We had plans for a few weeks to go camping on Thursday night (the Easter holiday here is Good Friday through Easter Monday). On Wednesday, we confirmed the forecast and alllmost canceled our plans: it was going to be "feels like" -9C during the night. We decided to go ahead and attempt the camping trip, not least because the kids would have been devastated to miss it.
It turned out that it was extremely cold, but we did it!
The venue was a national park about half an hour outside Turku. It's one of our favorite hiking spots. Last week, Jeremy and Magdalena scouted out a few laavu - open-sided lean-tos that are found in forests in Finland. They are free to camp in, though courtesy dictates that if you've already been there a night and someone else shows up the next day, you're supposed to move on. Some (most?) laavu are equipped with a fire pit and firewood.
We drank hot chocolate and ate dinner and made smores as a light snow fell. The kids ran around the forest, exploring. Meanwhile, Jeremy set up the laavu with our sleeping gear: tarp, sleeping pads, feather blanket, sleeping bags, blankets, and another tarp on top.
I was wearing tights, wool socks, long underwear (top and bottom), pants, another shirt, a hoodie, and a winter coat. And as we settled in for the night...I was still cold. You know how usually when you go camping, you sleep restlessly because you're mostly uncomfortable? Well, I only changed positions twice during the whole night. I was impervious to discomfort because I was just. so. cold. Jeremy gave me his wool socks, sleeping bag liner, and rain pants to put on, and I was still not quite warm. Sometime around 3.30 in the morning, I remember being warm for about thirty minutes.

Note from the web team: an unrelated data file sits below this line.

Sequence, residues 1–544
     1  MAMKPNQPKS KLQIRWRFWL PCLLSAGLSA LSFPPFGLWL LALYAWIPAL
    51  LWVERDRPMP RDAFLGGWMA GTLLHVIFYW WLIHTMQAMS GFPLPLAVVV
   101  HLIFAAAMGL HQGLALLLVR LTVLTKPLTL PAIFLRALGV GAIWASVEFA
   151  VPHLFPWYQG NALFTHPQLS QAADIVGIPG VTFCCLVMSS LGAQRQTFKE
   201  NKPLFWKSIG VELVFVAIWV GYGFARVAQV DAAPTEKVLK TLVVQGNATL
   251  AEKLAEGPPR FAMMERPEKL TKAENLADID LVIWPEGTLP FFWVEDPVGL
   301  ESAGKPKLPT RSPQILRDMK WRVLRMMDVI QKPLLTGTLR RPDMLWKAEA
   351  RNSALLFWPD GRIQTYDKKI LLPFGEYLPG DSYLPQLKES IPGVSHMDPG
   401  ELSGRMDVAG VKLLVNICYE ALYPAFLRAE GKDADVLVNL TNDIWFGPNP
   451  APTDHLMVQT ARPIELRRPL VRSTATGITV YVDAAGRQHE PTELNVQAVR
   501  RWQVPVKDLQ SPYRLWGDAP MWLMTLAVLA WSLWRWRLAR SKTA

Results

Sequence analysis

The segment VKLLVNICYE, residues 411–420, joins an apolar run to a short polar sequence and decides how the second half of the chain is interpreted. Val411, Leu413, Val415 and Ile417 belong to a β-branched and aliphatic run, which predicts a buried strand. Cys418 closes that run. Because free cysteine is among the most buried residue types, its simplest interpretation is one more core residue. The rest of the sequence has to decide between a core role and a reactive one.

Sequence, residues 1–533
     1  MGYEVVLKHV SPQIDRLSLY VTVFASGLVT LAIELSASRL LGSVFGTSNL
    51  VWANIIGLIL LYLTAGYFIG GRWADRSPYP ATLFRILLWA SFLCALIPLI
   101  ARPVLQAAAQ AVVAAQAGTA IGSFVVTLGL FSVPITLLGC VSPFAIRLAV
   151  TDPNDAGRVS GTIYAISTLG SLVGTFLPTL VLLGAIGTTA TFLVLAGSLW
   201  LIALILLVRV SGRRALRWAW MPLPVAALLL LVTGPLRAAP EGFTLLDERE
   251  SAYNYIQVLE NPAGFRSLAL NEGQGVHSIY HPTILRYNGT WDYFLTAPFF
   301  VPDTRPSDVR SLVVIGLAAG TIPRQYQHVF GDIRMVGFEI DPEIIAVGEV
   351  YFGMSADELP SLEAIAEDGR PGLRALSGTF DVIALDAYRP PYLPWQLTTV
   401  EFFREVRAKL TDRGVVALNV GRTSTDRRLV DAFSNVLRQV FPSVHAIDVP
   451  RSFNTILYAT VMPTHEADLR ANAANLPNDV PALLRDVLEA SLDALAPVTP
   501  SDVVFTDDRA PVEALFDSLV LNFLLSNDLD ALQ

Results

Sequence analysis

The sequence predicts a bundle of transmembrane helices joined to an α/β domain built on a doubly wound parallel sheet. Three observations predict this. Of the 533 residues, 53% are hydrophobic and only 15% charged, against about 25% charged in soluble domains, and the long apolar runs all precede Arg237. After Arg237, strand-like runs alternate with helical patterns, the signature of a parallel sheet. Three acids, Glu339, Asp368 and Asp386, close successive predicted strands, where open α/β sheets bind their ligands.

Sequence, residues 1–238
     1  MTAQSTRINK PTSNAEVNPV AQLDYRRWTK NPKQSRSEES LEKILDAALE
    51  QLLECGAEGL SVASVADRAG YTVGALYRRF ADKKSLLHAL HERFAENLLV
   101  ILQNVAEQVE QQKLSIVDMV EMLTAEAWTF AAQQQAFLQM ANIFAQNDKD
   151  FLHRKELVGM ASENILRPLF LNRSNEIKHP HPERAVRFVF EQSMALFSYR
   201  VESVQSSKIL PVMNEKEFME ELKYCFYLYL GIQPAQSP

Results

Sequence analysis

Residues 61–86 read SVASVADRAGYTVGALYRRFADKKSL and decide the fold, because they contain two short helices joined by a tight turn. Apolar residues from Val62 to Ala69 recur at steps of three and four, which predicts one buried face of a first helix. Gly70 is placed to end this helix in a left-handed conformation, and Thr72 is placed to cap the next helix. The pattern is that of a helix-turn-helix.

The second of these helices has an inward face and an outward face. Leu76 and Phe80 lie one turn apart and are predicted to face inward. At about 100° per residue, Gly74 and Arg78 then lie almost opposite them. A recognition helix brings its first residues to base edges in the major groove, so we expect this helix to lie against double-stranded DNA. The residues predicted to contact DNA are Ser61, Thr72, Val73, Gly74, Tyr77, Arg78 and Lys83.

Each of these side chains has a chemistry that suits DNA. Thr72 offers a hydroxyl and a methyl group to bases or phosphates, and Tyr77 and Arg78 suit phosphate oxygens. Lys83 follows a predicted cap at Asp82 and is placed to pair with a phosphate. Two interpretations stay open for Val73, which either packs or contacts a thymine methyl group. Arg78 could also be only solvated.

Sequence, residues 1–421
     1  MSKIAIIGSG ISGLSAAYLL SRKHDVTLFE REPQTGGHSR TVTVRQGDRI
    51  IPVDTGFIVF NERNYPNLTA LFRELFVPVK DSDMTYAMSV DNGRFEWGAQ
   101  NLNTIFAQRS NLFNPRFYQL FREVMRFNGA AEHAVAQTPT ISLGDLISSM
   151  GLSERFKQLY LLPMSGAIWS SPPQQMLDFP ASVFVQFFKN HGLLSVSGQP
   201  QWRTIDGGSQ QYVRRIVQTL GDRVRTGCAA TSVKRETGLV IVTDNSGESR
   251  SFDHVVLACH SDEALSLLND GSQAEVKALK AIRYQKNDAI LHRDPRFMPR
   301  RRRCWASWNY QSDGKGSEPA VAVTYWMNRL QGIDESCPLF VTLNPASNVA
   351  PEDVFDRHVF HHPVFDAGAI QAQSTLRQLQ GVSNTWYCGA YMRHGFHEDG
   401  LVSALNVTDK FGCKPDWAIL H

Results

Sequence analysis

I have to believe this was at least partly psychological. I mean, it was -4C but on paper, it seems that I was wearing plenty of clothes. I should have been warm! But my brain seemed to latch on to the fact that I was far away from any source of heat and not let me forget it. My sleeping bag is rated 0C, but as Jeremy pointed out in the morning, maybe that means something more like "will stave off death by hypothermia for up to 12 hours" rather than actually keeping you 100% warm.
Jeremy got up before me to make a fire. I felt like a grand lady in a book set in the 19th century, waking up gradually to the sound of logs cracking and popping. It was the singlemost comfy thing I have ever experienced.
The important thing is that the kids were warm, and that we made it through the night. We hope to go camping in a laavu again in a few weeks or months, when the temperatures are a bit warmer!